Ofsted chief says 'terribly unfortunate' govt social mobility tsar claimed girls dislike 'hard maths'

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Ofsted's chief inspector has said it is "terribly unfortunate" the government's social mobility tsar suggested girls do not study physics at A-level because they dislike "hard maths".

Katharine Birbalsingh told the Science and Technology Committee on Wednesday that female pupils tend not to "fancy" physics compared with other subjects.

At her school, Michaela Community School in Brent, northwest London, she said girls make up the majority of students at A-level apart from in physics, where 16% study the subject.

She told MPs: "Physics isn't something girls tend to fancy - they don't want to do it, they don't like it.

"It wouldn't be something here that they wouldn't choose because it's not for them, that would certainly not be the case, and it wouldn't be the case here that they wouldn't choose it because they didn't have a good physics teacher."

Ms Birbalsingh said she thinks the reason for a low uptake is down to the "hard maths" involved in the syllabus.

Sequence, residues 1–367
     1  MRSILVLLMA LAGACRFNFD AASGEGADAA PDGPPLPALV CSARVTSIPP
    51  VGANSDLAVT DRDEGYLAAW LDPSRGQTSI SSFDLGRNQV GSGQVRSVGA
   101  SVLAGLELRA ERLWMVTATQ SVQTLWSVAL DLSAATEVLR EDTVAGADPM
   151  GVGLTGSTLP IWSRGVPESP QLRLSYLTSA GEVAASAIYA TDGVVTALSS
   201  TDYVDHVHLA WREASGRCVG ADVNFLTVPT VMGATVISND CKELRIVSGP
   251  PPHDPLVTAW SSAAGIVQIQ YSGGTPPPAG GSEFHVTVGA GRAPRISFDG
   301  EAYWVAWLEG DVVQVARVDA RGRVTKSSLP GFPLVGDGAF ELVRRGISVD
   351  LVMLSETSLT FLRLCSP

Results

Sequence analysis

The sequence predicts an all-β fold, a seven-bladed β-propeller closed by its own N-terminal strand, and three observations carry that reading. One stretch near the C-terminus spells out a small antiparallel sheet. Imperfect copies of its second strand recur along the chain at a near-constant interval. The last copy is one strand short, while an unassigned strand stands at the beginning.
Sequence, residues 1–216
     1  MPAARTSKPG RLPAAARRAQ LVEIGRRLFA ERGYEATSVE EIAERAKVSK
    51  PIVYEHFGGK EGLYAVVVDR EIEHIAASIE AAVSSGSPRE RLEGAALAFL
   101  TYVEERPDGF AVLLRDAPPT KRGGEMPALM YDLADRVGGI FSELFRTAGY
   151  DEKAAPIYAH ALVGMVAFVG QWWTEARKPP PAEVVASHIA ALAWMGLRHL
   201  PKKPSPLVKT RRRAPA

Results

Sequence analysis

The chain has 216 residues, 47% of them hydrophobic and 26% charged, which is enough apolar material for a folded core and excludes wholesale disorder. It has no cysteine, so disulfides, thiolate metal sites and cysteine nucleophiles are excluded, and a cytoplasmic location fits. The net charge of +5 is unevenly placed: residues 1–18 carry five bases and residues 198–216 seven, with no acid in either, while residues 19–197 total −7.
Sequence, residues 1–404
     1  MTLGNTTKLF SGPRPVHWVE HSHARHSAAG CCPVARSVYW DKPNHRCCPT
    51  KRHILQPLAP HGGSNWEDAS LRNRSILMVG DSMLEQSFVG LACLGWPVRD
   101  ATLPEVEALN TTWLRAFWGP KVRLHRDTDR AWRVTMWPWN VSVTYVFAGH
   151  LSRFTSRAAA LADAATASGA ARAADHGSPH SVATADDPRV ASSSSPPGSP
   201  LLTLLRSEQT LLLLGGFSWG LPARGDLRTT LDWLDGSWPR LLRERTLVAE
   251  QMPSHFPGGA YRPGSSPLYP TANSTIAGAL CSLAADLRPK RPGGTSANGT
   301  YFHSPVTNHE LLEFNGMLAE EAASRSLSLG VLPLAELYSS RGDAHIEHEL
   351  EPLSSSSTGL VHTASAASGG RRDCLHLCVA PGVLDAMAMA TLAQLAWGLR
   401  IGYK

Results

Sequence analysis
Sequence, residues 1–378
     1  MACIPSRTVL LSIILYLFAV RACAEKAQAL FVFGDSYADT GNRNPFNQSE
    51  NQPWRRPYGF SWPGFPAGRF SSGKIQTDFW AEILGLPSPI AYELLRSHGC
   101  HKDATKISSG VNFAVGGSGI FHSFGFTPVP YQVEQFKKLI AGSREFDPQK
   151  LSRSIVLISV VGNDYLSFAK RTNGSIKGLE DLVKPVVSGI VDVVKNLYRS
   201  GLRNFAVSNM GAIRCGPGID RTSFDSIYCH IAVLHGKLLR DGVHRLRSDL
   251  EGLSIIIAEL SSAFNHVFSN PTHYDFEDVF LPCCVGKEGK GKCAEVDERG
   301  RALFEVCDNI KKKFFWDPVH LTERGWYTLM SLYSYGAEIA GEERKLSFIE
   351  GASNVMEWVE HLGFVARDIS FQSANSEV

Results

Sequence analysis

"We're certainly not out there campaigning for more girls to do physics; we wouldn't do that and I wouldn't want to do that because I don't mind that there's only 16% of them taking [it], I want them to do what they want to do," she added.

Speaking exclusively to Sky News' Beth Rigby Interviews... Ofsted's chief inspector Amanda Spielman said it was "a terribly unfortunate thing for her to say".

Liberal Democrat education spokeswoman, Munira Wilson, said Ms Birbalsingh should apologise, adding that the government should introduce measures to challenge biases in the school system.

She said: "The Conservatives have been dragging their feet and failed to challenge the culture of misogyny and unconscious biases in the education system for years".

She added that without a "dramatic culture shift" many young women will "continually be undervalued and demotivated".

Ms Birbalsingh said there is no issue with the uptake of ethnic minority pupils choosing science and maths based subjects, but rather a shortage of those opting for subjects like philosophy and history.

"If you come from an immigrant background, and especially if you're coming from a poorer background and you've managed to do well in school, you're more likely to pursue a career that brings certainty with it," she said.

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She added that pupils from more privileged backgrounds might decide to pursue "less secure" careers such as acting or being a poet.

Ms Birbalsingh said this is why her school is not persuading pupils to do physics but is trying to urge them to do philosophy or history.

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